Stiff sunflower (Helianthus pauciflorus) returned fairly quickly to “normal abundance” by 1943, as did many others, including silverleaf scurfpea (Pediomelum argophyllum), cream wild indigo (Baptisia bracteata), and buffalo pea (Astragalus crassicarpus).  Prairie violets (Viola pedatifida), pussy toes (Antennaria neglecta),  and others came back more slowly, but returned nevertheless.  Importantly, those returning species didn’t appear to be traveling from long distances.  Instead, they simply re-emerged, either from seeds or underground buds, from where they’d been sitting on the metaphorical bench, awaiting the call to step up to the plate again.

Buffalo pea (Astragalus crassicarpus) and many other wildflowers recovered from the long droughts at a speed that amazed Weaver and Albertson.

The prairies we know today have been through a lot.  In Nebraska and surrounding states, we have specific documentation of the kinds of extreme roster changes prairies can and have made to adjust to the world around them, thanks to the work of John Weaver and F.W. Albertson.  If you have a favorite local prairie, and I hope you do, it’s important to remember that the way it has looked for as long as you’ve known it is only a small sample of what it’s capable of.  Smart teams don’t reveal their secrets before they need to.

As we work to keep prairies healthy through this period of rapid climate change, it’s both useful and reassuring to remember what they’ve been through before.  Today’s prairies certainly have additional challenges to deal with today, compared to the dust bowl days (more invasive species, more landscape fragmentation, etc.), but many should still have sufficient bench strength to make the adjustments they’ll need to make in the coming years.  Our responsibility is to provide management that helps prairies sustain their plant and animal diversity, as well as to protect prairies from additional conversion to cropland or other land uses.  Where possible, restoring prairie habitat around and between prairie fragments can also help build resilience.  In short, we have to allow prairies to do what they do best – adapt and adjust.  Prairies are wily veterans and they’ve been in this game for a long time.  It’s a good bet they’ve still got a few tricks up their sleeve.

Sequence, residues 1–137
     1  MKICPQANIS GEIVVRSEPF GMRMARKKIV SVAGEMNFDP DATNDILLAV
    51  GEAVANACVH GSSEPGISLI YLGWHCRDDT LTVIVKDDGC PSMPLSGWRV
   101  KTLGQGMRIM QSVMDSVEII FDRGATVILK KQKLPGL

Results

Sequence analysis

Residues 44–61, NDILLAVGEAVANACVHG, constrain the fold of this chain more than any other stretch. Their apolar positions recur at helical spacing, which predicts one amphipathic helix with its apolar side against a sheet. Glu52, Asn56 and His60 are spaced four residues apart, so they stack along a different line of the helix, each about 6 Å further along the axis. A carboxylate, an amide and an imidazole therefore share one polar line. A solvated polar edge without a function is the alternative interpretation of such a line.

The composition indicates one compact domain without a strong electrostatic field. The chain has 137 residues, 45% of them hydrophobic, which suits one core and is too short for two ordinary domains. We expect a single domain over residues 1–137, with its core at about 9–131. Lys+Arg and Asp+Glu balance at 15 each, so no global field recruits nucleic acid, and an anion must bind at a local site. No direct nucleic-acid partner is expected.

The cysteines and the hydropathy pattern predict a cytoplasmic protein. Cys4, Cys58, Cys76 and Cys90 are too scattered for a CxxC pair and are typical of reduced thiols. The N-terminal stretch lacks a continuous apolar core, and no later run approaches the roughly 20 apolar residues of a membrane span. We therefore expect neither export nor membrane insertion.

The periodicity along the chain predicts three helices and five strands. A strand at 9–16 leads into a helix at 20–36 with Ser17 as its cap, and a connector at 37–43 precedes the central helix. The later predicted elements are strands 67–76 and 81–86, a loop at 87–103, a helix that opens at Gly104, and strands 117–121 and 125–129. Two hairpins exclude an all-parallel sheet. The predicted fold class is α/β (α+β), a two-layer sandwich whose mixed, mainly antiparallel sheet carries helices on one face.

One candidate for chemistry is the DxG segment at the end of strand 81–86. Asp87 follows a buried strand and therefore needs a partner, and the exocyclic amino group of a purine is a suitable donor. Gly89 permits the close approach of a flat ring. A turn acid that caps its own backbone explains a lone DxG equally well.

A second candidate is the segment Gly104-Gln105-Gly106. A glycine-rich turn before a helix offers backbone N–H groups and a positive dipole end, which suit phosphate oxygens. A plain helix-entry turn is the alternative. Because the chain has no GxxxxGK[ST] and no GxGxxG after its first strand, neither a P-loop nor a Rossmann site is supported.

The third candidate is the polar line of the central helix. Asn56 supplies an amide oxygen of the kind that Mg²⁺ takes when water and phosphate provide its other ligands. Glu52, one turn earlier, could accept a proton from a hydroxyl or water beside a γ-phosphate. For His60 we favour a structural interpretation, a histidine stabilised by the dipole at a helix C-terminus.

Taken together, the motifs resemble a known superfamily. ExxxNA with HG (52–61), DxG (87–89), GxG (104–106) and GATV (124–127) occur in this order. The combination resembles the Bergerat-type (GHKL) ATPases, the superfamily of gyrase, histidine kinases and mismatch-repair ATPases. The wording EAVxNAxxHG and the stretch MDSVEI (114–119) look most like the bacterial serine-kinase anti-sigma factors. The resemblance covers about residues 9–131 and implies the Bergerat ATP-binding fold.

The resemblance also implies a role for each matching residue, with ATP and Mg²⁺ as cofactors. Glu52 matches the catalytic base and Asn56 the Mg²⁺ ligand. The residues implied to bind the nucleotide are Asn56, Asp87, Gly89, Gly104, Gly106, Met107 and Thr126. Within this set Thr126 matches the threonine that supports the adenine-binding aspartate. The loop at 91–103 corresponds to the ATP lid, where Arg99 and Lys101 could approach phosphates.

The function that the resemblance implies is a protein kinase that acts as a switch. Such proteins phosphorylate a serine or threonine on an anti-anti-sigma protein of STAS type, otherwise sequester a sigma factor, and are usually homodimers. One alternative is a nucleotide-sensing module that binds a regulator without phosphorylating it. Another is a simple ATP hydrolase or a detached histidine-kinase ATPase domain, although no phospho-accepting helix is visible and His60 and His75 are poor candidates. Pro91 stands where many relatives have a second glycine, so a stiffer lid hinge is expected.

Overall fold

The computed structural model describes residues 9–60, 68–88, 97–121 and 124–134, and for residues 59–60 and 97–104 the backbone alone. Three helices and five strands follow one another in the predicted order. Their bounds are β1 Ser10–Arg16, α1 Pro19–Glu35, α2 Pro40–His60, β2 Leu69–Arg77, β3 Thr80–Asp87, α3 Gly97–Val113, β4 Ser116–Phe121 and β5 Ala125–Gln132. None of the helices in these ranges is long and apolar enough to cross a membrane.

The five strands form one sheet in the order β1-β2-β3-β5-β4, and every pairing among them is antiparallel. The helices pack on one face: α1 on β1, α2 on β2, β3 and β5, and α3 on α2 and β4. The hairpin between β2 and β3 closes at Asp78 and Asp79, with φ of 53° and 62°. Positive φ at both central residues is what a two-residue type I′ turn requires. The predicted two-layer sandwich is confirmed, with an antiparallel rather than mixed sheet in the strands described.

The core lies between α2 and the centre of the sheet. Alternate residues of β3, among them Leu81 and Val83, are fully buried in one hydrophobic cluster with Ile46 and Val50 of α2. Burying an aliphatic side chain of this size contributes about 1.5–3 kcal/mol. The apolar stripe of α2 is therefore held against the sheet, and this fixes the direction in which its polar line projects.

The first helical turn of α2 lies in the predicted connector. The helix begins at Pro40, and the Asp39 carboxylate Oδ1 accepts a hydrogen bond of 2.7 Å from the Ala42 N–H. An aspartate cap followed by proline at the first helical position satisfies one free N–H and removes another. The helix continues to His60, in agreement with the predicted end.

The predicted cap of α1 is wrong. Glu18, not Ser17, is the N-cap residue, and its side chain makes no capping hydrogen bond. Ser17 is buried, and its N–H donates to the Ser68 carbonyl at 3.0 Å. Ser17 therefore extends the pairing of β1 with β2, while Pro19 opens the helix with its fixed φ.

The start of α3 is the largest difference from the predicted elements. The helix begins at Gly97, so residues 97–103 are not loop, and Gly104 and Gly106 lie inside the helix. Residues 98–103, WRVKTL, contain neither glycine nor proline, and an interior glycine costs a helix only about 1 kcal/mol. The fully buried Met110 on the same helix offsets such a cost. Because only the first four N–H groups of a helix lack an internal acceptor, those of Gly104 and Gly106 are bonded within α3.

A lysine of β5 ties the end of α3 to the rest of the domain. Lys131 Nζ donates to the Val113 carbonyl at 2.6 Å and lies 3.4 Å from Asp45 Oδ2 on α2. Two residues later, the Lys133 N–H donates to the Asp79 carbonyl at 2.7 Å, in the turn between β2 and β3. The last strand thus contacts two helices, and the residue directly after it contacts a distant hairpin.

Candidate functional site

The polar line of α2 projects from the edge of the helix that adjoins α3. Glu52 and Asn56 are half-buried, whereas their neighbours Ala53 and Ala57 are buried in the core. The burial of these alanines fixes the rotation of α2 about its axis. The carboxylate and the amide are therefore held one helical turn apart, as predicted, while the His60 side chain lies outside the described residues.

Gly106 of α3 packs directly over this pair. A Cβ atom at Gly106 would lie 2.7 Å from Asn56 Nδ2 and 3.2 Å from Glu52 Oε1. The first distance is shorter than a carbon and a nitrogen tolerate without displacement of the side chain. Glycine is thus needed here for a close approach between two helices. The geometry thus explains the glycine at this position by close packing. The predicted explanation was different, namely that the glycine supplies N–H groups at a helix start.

Prairie Word of the Day – Disturbance

It’s been too long since the initial installment of what was intended to be a regular feature of this blog – the Prairie Word of the Day.  Since one blog post does not make a series, I figured I’d better at least write one more.  I will try to add more to the series relatively soon.